Selling stated that a film adaptation's success requires the film-makers to persuade the audience that their interpretation is valid. She noted that Jackson, Philippa Boyens and Fran Walsh were, as both screenwriters and fans themselves, acutely aware of the "fidelity to the original text expected by the wider community of Tolkien fans".[35] They knew that the books were "unfilmable" without transformation, so they set about "translat[ing]" Tolkien's core themes into film. They preserved Tolkien's dialogue wherever they could, sometimes moving lines to a different time, place, or character, as when Gandalf makes a speech in the Mines of Moria before arriving at Balin's tomb, whereas, in the book, the words are spoken in Frodo's home in the Shire, before he sets out.[35] Selling found that the transformations, such as the substitution of the Elf-lady Arwen for the Elf-lord Glorfindel in The Fellowship of the Ring, were mainly successful, but that the omission of the entire Tom Bombadil sequence was more damaging.[35]

Aragorn's unexpected arrival in the captured Corsairs of Umbar's ships (like galleys, shown) is intercut, replacing Tolkien's elaborate interlacing in Jackson's film with Éowyn's desperate battle against the Witch-king to create, by quite different means, a Tolkienesque eucatastrophe.[23]

The medievalist Yvette Kisor wrote that while Jackson had been unfaithful to Tolkien's narrative technique (such as interlacing), character development and motivation, and specific events, he had continually striven to be faithful "to the totality of Tolkien's epic – its impact, its look and feel, and, perhaps, some of its themes".[23] In her view, he allowed himself "unusually free reshuffling"[23] of scenes to simplify the chronology, but managed to build the Tolkienesque themes of "providence, eucatastrophe [sudden happy reversal], interconnectedness"[23] through skilful intercutting and use of music. She gives as example Éowyn's battle with the Witch-king, intercut with Aragorn's unlooked-for arrival with an army in the captured ships of the Corsairs of Umbar. The scene looks like her defeat, and indeed the defeat of the army of the West, along with the Witch-king's triumphant prophecy "You fool – no man can kill me" and a break in the music, suddenly reversed as the music restarts with her revelation of herself as a woman, and her killing him. The method of narration is not Tolkien's, but the effect is similarly eucatastrophic.[23]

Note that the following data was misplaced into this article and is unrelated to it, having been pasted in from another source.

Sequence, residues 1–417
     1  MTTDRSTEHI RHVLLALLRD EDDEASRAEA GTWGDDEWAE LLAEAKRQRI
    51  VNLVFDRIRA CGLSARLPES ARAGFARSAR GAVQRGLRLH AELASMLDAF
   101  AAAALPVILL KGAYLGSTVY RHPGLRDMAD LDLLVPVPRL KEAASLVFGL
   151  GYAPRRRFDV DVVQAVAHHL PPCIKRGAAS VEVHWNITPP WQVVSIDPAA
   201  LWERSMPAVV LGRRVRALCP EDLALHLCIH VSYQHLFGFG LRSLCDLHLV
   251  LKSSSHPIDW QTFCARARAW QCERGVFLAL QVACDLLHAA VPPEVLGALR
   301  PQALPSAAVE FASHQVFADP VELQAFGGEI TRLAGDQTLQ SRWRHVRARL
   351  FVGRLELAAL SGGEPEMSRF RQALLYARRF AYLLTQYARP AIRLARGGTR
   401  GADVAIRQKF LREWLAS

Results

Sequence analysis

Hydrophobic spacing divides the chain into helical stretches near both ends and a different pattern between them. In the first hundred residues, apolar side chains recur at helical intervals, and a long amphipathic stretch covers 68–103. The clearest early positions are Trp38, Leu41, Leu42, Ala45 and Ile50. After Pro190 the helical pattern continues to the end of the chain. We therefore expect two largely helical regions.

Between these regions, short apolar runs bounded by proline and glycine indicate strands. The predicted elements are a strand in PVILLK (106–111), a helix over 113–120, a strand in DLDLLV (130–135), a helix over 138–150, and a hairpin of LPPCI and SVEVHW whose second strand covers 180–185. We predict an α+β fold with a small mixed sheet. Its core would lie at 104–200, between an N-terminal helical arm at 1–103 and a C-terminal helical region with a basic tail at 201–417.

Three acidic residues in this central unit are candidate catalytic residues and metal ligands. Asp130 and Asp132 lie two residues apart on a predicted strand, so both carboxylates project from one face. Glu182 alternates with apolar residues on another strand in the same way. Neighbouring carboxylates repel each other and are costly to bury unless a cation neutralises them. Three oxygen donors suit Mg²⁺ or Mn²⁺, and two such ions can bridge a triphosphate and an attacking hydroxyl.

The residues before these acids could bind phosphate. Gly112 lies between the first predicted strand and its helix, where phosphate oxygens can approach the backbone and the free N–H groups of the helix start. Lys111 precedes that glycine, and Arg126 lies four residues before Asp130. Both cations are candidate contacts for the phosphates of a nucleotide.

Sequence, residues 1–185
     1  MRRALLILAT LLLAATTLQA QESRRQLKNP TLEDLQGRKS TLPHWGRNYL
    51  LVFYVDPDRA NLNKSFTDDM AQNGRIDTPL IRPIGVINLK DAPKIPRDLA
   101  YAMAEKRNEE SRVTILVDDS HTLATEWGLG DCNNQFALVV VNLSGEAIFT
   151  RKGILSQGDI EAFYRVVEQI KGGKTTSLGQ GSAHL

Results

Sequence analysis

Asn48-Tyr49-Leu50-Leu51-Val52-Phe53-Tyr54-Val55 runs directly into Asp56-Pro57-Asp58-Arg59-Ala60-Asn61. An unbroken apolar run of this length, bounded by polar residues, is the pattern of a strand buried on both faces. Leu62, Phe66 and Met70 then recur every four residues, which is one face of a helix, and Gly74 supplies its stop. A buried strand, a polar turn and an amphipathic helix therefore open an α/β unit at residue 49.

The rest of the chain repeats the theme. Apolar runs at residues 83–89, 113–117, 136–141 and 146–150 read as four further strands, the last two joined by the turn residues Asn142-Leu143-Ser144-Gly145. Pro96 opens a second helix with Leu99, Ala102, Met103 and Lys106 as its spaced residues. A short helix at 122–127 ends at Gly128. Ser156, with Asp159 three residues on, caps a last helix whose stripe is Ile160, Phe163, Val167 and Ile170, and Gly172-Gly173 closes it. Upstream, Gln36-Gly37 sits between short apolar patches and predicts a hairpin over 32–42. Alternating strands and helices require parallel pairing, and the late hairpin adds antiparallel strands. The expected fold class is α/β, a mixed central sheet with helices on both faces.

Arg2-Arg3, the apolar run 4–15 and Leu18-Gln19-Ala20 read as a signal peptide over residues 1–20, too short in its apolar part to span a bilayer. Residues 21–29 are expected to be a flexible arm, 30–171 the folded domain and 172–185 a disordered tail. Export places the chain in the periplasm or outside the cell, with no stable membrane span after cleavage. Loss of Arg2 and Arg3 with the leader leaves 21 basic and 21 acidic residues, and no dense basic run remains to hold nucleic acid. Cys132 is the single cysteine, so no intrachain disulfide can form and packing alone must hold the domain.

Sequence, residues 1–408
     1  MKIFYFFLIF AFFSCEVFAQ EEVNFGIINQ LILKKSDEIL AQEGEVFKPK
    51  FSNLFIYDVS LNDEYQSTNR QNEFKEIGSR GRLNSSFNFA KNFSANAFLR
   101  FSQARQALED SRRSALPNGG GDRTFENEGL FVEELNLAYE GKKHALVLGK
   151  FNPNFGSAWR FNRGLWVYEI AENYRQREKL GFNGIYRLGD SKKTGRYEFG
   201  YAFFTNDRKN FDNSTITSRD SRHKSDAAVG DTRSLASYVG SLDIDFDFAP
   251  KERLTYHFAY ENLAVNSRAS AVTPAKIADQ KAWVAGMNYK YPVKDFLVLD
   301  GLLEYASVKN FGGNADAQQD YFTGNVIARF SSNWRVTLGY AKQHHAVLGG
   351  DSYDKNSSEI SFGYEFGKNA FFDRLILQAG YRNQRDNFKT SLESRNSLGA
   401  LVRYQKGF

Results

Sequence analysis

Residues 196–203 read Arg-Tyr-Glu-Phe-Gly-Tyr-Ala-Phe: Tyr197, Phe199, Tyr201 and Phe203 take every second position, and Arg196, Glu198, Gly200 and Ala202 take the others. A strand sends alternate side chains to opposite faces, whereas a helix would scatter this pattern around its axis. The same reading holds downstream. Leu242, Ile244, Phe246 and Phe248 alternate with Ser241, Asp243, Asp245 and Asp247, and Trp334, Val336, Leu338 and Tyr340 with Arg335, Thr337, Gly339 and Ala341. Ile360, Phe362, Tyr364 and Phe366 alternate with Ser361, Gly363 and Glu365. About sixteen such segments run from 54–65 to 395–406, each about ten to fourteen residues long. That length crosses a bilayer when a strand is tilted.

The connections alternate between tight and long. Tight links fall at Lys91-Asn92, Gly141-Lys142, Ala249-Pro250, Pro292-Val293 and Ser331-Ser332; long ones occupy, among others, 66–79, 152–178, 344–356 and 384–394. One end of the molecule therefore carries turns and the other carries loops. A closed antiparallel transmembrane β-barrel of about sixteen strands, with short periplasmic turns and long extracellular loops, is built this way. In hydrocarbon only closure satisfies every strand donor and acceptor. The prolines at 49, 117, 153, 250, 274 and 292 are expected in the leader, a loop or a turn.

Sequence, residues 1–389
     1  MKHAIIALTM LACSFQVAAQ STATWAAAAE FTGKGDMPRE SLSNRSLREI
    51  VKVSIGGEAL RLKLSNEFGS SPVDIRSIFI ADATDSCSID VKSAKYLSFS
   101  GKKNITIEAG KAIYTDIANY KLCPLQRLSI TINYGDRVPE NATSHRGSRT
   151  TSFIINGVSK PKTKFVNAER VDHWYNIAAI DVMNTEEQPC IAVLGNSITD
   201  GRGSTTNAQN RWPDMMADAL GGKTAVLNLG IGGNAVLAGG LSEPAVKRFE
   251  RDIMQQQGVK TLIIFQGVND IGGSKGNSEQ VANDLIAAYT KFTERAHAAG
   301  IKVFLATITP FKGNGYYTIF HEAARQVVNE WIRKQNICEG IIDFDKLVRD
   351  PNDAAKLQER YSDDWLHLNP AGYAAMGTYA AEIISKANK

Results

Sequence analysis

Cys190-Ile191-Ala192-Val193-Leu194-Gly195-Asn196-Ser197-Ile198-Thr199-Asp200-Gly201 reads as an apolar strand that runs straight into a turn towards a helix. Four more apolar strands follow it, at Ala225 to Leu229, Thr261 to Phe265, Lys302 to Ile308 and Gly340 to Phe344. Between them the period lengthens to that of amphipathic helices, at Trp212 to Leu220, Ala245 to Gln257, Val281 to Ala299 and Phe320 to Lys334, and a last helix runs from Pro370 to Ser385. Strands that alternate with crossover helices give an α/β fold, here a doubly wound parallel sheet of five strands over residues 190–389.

James Dunning writes that there are three large spiritual themes "behind events in Middle-earth". Firstly, constant decline and fall from the power of earlier ages. Secondly, "The Shadow" is constantly scheming to take control. Thirdly, a power of providence acts through ordinary people, brave warriors, and even the mistakes of the enemy, appearing as luck or pure chance. The wise, like Gandalf and Elrond, drop remarks like "I think this task is appointed for you, Frodo". And the book warns of the danger of trying to double-guess fate by looking in mirrors or seeing stones. Dunning suggests that via film these messages may "perhaps" reach people who never read Tolkien. In short, he writes, "render unto Jackson that which is Jackson's, and unto Tolkien that which is Tolkien's."[50]

The writer Diana Paxson, describing herself as a lover of the book version, said she found watching the films a "fascinating, if sometimes mixed, experience". Seeing the films "refreshed" her re-readings of the book; she felt that the films showed "in rich detail" things "all too briefly described" by Tolkien, though the text provided dialogue and explanation skipped over by the films. She writes that "a surprising number" of lines of dialogue survive in the films, though often transposed, continuing a process begun by Tolkien, who as his son Christopher notes,[51][52] often moved conversations into fresh contexts, voiced by different speakers. She concludes that it is possible for multiple versions all to be valid and that it is "a story that can survive being retold".[52]

Well represented


Critics, scholars, fans,[c] and others have described Jackson's adaptation of The Lord of the Rings as a success.[35] Chauncey Mabe, in The Los Angeles Times, wrote of The Two Towers that "Tolkien fanatics, the kind who wear furry rubber hobbit feet to the theater, ... are praising Jackson for being true to the spirit, not the letter, of Tolkien’s books."[53] The scholar of culture Douglas Kellner stated that the conservative community spirit of Tolkien's Shire is reflected in Jackson's films as well as the division of the Fellowship into "squabbling races".[54]